Do Emergency Physicians judge patients on race, sex, sexual orientation, weight, etc.? St. Emlyn’s

wikimedia

wikimedia

A few years back I picked up a book at the airport by a chap called Malcolm Gladwell, a rather famous writer it turns out and one familiar to many EPs who has produced some excellent work. I like his books as they make me think, it’s work that challenges my past assumptions and in some cases raises questions that make me feel quite uncomfortable. I’ve read a few of his books now and all have their merits, but I think that the one I use in teaching the most is ‘Blink’. Blink looks at how we make rapid assessments and judgements in daily life and explores the positives and the negatives of this…., is this relevant for the emergency physician? Well of course it is. Our days are a constant stream of rapid assessment and decision making. It’s probably not a bad idea to stop and think about it once in a while.

Anyway, a small passion of mine is to try improve understanding around equality and diversity issues in Emergency Medicine. We’ve recently had IDAHO day and in Virchester we have recently had a whole week around Equality and Diversity training for all staff. In the ED our practice means that we see everyone regardless of who they are and where they come from. As one of my colleagues mentioned recently we ‘are’ diversity, with a really mixed population and staff, and we do some fantastic things to help our patients and staff support this. What about ‘you’ though, and ‘me’, and ‘your’ colleagues? Are we the sort of people who are truly free of any prejudice and judgement? Do we exercise prejudice in our work and do characteristics such as weight, age, race, skin colour, gender and sexual orientation influence how we deal with patients and colleagues?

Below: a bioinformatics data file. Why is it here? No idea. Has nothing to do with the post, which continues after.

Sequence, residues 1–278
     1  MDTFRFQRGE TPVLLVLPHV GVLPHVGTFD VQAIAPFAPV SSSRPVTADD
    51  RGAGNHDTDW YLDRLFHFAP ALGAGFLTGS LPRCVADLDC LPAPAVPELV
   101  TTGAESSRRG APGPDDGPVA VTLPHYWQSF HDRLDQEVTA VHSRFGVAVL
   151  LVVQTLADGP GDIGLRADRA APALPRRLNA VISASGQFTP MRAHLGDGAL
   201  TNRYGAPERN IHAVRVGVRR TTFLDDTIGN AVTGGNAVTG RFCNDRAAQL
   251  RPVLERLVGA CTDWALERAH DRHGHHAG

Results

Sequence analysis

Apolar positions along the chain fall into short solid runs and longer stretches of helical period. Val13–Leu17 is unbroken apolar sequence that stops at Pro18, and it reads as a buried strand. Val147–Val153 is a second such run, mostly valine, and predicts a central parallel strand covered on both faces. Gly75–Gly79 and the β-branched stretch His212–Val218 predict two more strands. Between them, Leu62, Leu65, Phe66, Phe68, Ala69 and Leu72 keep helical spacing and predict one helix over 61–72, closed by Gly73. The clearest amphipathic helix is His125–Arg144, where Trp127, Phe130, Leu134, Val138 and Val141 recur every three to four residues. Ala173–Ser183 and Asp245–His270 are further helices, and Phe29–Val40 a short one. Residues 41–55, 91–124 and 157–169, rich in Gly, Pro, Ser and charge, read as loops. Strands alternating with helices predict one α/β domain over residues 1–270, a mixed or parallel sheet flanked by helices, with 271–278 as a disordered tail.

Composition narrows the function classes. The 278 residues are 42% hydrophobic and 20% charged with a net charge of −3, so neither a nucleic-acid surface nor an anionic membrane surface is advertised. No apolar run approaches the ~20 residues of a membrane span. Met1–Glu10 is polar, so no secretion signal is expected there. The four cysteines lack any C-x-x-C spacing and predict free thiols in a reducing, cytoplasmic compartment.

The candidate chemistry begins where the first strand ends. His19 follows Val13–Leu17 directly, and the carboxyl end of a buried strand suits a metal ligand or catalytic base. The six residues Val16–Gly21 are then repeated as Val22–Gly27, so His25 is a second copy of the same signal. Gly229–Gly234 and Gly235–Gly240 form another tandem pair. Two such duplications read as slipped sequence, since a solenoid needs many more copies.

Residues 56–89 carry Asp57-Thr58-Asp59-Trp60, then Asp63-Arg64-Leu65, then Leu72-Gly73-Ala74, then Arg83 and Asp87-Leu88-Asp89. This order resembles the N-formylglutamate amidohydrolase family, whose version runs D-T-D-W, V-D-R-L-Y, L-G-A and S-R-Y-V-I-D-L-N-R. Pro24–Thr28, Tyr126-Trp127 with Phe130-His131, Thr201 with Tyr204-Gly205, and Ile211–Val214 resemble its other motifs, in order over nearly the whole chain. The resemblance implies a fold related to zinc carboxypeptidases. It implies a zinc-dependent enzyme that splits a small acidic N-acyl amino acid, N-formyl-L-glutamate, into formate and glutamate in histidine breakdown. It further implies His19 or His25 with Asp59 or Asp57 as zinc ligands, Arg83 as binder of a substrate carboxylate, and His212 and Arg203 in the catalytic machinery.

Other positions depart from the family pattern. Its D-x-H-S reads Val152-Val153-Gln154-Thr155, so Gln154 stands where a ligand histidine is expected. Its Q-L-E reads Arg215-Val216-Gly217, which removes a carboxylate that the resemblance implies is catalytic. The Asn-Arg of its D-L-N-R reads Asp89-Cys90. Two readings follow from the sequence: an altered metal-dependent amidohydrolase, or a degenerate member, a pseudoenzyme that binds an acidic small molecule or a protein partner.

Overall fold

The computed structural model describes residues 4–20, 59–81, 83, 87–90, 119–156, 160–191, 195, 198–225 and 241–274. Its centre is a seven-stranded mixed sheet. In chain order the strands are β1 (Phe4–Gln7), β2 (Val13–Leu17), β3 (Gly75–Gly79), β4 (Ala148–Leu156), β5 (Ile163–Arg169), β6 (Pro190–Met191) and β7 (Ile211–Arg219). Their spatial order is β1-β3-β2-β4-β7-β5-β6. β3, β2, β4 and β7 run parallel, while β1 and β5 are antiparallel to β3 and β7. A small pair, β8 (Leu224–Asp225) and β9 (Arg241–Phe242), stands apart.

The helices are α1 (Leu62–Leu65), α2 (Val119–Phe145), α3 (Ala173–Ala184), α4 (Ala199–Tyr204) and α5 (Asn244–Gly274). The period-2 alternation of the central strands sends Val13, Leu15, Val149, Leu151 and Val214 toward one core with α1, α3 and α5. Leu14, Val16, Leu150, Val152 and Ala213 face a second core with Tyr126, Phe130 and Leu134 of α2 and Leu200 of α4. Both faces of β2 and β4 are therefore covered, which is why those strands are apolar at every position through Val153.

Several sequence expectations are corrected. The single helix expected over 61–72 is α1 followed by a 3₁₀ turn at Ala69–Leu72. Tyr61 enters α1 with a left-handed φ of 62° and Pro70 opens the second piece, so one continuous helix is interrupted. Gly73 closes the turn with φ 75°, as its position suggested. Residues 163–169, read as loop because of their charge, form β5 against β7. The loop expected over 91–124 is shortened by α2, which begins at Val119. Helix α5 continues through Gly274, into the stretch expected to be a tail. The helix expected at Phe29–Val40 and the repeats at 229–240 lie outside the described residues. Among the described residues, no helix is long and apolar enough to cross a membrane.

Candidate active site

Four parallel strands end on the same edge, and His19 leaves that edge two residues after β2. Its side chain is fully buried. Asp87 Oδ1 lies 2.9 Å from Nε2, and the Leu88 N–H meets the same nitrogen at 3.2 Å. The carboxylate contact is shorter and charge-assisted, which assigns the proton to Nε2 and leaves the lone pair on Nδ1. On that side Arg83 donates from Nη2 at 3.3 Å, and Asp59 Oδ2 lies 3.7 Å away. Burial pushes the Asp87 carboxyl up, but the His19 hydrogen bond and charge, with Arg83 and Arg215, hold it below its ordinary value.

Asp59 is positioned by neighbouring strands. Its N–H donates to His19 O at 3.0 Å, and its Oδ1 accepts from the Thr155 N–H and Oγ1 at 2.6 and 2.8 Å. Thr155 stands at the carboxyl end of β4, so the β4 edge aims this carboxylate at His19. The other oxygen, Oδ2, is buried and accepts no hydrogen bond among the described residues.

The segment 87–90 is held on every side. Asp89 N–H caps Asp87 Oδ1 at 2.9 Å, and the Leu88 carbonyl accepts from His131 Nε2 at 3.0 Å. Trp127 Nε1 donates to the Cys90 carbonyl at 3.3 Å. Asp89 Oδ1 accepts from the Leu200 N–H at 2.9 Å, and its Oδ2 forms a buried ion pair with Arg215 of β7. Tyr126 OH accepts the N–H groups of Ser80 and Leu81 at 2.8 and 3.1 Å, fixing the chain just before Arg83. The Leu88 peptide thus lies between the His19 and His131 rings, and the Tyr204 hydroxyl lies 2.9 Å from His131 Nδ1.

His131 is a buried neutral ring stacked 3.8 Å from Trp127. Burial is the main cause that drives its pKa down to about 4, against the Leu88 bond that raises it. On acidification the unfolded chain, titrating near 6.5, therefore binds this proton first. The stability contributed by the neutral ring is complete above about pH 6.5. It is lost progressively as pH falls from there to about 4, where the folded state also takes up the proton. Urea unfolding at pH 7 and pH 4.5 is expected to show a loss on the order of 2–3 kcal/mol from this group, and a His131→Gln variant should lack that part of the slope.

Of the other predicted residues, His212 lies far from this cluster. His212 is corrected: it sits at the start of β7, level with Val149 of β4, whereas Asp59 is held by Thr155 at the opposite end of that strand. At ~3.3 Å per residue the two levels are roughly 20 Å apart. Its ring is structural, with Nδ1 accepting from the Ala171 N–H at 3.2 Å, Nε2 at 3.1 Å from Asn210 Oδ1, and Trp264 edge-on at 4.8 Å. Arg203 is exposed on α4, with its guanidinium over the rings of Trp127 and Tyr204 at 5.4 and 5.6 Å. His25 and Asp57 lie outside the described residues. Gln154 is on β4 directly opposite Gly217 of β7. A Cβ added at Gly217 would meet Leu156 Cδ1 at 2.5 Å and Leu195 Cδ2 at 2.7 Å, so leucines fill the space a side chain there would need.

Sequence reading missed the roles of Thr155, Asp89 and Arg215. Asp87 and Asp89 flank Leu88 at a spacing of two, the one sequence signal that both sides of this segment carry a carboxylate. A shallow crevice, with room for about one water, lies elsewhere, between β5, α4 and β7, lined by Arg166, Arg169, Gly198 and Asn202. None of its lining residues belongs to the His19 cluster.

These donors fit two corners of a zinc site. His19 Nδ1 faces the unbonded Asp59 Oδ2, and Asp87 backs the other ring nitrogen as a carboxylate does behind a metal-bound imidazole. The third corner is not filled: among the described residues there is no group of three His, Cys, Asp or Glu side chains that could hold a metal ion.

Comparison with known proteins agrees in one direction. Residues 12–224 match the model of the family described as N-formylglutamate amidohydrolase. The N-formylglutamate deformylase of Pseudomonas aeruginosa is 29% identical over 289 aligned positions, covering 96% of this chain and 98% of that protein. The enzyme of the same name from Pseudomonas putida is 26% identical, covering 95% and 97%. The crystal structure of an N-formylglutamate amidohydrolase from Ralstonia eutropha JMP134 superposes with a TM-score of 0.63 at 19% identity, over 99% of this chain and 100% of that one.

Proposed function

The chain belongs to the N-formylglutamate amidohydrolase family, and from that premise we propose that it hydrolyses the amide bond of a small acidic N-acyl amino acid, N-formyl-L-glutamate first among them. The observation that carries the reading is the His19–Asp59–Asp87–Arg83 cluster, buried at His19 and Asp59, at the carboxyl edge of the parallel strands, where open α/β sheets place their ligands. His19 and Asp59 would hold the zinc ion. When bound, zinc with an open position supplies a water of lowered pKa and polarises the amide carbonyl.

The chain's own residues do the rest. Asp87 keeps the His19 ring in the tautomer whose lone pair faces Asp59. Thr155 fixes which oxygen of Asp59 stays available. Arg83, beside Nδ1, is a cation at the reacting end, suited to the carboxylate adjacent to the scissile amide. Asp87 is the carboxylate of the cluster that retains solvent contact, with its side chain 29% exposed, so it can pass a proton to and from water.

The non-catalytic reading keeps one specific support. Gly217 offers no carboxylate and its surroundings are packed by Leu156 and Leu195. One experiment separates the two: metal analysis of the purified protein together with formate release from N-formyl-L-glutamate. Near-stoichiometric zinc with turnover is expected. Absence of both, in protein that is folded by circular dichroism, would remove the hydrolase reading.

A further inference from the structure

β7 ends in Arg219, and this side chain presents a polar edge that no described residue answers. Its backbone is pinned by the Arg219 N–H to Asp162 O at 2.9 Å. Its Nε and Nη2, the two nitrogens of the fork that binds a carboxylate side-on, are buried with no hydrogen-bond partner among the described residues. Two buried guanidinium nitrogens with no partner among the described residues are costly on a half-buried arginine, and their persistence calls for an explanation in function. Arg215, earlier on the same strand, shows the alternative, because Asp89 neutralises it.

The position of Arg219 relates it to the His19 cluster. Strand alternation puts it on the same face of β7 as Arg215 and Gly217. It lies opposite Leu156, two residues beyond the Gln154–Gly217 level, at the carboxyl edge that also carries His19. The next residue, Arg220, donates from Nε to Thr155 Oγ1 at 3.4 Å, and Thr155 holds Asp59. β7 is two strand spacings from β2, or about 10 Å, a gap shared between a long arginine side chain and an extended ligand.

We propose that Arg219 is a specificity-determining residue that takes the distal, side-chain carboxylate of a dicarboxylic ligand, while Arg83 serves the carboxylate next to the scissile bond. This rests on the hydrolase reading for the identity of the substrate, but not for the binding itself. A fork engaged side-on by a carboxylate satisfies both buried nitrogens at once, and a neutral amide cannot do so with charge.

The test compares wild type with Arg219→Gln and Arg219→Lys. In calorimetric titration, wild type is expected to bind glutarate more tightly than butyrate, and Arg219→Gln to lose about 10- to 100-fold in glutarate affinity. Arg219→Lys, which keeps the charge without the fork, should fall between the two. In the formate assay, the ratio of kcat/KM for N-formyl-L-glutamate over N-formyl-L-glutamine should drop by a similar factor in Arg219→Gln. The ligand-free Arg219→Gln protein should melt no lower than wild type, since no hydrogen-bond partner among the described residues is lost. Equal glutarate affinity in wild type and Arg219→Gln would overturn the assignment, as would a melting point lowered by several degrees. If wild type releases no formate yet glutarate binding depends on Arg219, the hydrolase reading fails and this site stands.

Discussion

I will take a guess and say that at this point most people reading this will say that it doesn’t. We would not describe ourselves as racist, sexist physicians (and all the other groups we can think of). We don’t consciously discriminate as that’s clearly contrary to the practice of being a good emergency physician, but are you sure? How would you know if you are the sort of clinician who links certain characteristics to certain group of people? How would you start to understand whether patient characteristics might affect you?

We might even ask if it matter at all if we treat patients the same? Is there evidence that race (as one example) influences us? Disturbingly there is. Just dip into Medline for a selection of the many papers around linked to the subject. We can go back to 2000 and Dr Knox Todd who showed that white patients received more pain relief in the ED, in 2006 data from the USA , more recently in 2010.….., I could go on. It looks as though we have an issue around pain relief and an association with race. That makes me think that this stuff really matters.

So, back to Malcolm Gladwell and Blink. It is here that I discovered  work around the concept of Implicit Association developed at Harvard University by Anthony Greenwald and Mahzarin Banaji. Implicit association suggests that we unconsciously associate certain characteristics with certain groups (e.g. skin colour) with the individual associating positive or negative influences against these characteristics. By assessing the degree of association the IAT builds a picture of how an individual associates certain characteristics as either a positive, neutral or negative trait. The literature behind it at the time, and since, is complex and beyond the scope of this post. You are welcome to read more including the many controversies around the methods and interpretation of results should you wish. My usage is much more basic. I think it’s a great way of challenging us to think about our own assumptions and the associations that we make about our patients.